A public talk by Kamiliah Bahdar for the Shooting Home Youth Awards 2021
The Shooting Home Home Youth Awards, Objectifs’ annual photography mentorship programme for participants aged 15 to 23, included two public talks this year. Read on for a recap of the second of these talks, in which Kamiliah Bahdar shared her tips on what artists and photographers should consider when exhibiting their works.
Kamiliah Bahdar has worked across numerous exhibitions, programmes and projects as curator, organiser, collaborator, researcher and writer. Her first foray into curating was as a participant in Curating Lab 2012, a programme organised by NUS Museum to train young curators.
Having developed an interest in the conditions of art production, she pursued an MA at Nanyang Technological University in 2015 where she wrote a thesis on microresidencies in Indonesia. In 2017, she received the inaugural IMPART Awards for the curator category. She is now beginning a new cycle in her curatorial practice and looking into the role of art in education and visual literacy.
Once you have your artwork and an exhibition space, you have to figure out how it will come together. Kamiliah shared: “You’re not just thinking then about your work’s narrative or themes, or the overarching theme of the exhibition, but also about space. You must consider who the other artists and works in the show are, and think about selection and layout. Also keep the audience in mind: who they are, what they’ll take away from the show, what your message is to them, how they’ll move through the space.”
Kamiliah has observed that in the past few years, artists have been organising themselves to present exhibitions, “working very closely with, or even as, curators — so, exhibition-making is a useful tool and skillset for all artists”.
White Cube Spaces
Commercial gallery spaces are often white cube spaces. As the name suggests, such spaces are typically characterised by “blank walls all the way, very pristine, modernist aesthetics,” according to Kamiliah.
Though white cube spaces have particular history and baggage attached to them, artists and curators enjoy working with them because they are visually “very much blank slates; the artworks exist as autonomous objects within them. You can really craft them according to what you need them to be”. As a result, they are “quite straightforward to work in — you bring in your works, hang them up, and tweak the lighting. These are things you learn onsite.”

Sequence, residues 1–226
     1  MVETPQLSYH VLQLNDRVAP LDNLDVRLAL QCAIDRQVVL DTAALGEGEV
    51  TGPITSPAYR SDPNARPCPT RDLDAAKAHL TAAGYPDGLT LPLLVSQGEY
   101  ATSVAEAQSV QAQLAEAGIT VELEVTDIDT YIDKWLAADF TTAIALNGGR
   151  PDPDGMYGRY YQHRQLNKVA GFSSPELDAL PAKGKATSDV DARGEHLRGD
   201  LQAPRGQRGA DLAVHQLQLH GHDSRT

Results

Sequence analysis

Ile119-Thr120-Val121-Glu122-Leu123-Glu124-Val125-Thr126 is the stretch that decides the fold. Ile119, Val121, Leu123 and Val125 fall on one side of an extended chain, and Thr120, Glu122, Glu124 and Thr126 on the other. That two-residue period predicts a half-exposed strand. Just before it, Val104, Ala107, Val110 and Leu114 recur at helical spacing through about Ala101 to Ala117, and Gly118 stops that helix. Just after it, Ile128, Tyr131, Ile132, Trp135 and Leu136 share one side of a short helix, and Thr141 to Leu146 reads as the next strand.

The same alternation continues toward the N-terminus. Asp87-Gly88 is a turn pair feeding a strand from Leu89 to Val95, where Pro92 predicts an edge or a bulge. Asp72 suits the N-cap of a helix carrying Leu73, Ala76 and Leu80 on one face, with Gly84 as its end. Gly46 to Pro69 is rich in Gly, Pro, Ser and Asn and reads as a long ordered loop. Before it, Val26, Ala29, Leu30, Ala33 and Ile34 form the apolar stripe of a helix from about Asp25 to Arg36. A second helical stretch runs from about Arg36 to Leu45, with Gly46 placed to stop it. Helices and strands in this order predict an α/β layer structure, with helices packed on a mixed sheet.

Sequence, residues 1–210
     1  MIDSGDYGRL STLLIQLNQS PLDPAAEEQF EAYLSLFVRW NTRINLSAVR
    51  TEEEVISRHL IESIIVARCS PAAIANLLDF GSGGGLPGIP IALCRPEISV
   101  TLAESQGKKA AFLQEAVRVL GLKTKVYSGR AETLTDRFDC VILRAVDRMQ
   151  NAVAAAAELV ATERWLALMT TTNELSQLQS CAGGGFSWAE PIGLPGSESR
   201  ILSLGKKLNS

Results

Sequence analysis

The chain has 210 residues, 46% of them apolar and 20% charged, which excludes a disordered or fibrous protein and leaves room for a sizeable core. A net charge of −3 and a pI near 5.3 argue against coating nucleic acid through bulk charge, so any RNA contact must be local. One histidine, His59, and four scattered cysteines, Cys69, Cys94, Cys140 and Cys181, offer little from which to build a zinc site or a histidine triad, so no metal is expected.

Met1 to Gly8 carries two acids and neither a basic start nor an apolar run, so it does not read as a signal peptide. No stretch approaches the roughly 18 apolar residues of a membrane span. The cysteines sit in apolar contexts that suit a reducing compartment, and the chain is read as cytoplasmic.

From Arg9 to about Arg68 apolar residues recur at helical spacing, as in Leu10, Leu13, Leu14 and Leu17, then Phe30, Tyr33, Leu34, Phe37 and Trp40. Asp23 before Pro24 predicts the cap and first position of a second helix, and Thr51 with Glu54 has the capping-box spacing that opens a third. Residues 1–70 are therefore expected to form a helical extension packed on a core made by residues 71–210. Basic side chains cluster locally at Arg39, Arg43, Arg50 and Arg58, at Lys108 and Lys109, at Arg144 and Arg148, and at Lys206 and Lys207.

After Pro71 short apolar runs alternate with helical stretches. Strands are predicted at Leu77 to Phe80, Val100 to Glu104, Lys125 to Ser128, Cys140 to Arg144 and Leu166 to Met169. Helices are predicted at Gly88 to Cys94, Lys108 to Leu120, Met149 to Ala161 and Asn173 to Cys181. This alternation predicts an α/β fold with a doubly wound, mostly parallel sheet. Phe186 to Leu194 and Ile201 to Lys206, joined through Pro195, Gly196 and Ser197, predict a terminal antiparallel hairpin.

“With resources, you can really transform the space, for example by buying shelves to display the works on. But even without resources, with proper lighting, you can achieve a very beautiful display in a white cube space.”
Hybrid spaces such as Telok Ayer Arts Club, where Kamiliah worked as a curator for about a year and a half, have been emerging in Singapore in recent years. It is a very multifunctional space catering to a working crowd who would visit for meals and meetings, and curating there was challenging.
While in a gallery, a staff member could ensure the artworks are not touched, in such a hybrid space, there is a higher likelihood that “things might happen to the works, so you can’t be too precious about it”.
One also needs to consider the height at which works are hung. They should be hung higher than in a gallery space, in order to be at an appropriate eye level to be viewed by seated diners — and so that food doesn’t get on it. While visitors are dining for a couple of hours, “you might not have their complete attention; their eyes are going to wander”, compared to visiting a museum or gallery where the primary purpose is more likely to view the exhibited art. Because they might be viewing works from a distance — for example, while seated close to the opposite wall — and cannot get up close to a work (if there is a table of diners in front, for instance), they may not be able to catch finer details in the work. Artists may choose works or an exhibition space keeping these factors in mind.